Interview with Kim-Gun’s Director KANG Sang-woo
In this year’s Film Festival director KANG Sang-woo is proud to present the
viewers his documentary called Kim Gun. We asked him some questions concerning his choice of career and about his documentary Kim Gun:
Interviewer: How did you decide to become a director or involved in the movie industry?
KANG: Like a lot of directors, I was always into films since I was young. After graduating from college and working in a non-film-related company for a year, I thought I should give it a try and began making films in 2008.
Interviewer: How long did it take to develop the movie? For example, coming up with this idea?
KANG: It all started in the spring of 2015, a lady who participated in the 1980 Gwangju Uprising visited the archives, and saw a picture of a civilian militia member and remembered him as “Kim-gun,” who used to frequent her family’s restaurant. At the same time, the right-wing website users began to claim that the man is from North Korea. The film sort of chronicles our search for the man in the photo.
Interviewer: What role does the audience play? What feelings and thoughts do you want to convey?
KANG: I come from a generation born after the 1980 Gwangju Uprising, so even though we learned in school that the uprising was an important moment in the democratization of South Korea, the event still felt distant. I hope the film will help those who aren’t really familiar with the issue to feel what the survivors have gone through for the past 40 years.
Interviewer: Which scenes were the hardest to shoot and why?
KANG: It took us two years to find the last witness who testified about the whereabouts of Kim-gun. It was a deeply traumatizing event for him to even talk about, so we waited for another six months until the witness was ready to talk about what he saw.
Interviewer: How would you describe the atmosphere on set?
KANG: For most of the times, a team of four people visited a witness’s home or workplace to shoot the conversation, so it was usually a small amount of people and quiet.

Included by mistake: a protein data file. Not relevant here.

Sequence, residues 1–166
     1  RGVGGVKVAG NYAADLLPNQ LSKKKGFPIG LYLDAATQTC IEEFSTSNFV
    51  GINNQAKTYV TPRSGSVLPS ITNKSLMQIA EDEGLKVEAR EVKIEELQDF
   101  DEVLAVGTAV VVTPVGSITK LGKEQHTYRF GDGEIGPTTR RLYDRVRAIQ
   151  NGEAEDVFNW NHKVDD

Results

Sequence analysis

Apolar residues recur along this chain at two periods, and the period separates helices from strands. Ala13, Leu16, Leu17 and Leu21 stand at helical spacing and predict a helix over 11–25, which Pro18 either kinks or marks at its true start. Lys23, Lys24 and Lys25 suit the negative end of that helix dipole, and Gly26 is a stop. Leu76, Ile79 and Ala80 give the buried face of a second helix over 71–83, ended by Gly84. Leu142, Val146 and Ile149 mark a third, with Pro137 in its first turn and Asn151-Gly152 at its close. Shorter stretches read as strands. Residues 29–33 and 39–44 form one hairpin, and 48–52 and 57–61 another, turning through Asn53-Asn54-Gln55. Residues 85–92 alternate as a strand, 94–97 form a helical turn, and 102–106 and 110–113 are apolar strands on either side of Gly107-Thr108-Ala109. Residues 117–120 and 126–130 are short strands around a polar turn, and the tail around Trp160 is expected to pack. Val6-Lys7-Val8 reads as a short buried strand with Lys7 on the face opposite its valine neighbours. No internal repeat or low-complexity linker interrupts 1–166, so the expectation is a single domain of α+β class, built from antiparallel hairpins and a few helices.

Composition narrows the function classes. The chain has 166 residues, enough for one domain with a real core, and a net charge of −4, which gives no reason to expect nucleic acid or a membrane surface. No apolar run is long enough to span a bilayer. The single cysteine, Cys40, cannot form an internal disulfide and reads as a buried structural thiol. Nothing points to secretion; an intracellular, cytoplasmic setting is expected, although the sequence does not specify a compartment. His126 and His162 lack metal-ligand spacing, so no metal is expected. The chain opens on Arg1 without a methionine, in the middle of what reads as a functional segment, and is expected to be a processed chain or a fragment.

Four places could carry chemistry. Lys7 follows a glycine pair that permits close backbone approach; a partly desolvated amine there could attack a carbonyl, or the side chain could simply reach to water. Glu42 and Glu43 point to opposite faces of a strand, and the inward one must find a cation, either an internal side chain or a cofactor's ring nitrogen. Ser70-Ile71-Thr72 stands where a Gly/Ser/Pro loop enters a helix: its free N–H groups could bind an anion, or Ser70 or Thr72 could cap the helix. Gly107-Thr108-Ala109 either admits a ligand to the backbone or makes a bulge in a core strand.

Interviewer: Seeing the finished movie for the first time, were there any scenes that you wished you had shot / portrayed differently?
Interviewer: What was your favorite part while making this movie?
KANG: Lee Chang-seong, the photojournalist who shot photos of Kim-gun in 1980, allowed us to examine his uprising photo archive, consisting of 2300 14-kilo-pixel photographs. It was exciting to see so many high-quality images showing scenes of the 1980 uprising.
Interviewer: What are you working on next? Any future plans?
KANG: I am preparing for a fiction film this time.
Interviewer: #SaveOurCinema, what does it mean to you personally and as a director?
KANG: To me as an independent filmmaker, a film is not completed when the editing and the mastering is done, but when people actually watch it together at the movie theatre and talk about it afterwards. It’s important to keep such platforms for small independent films.
Interviewer: What do you think each and every one of us can do to #SaveOurCinema?
KANG: Can’t think of anything other than watching films at the independent theatres. The whole communal experience of watching films together needs to continue especially for independent films.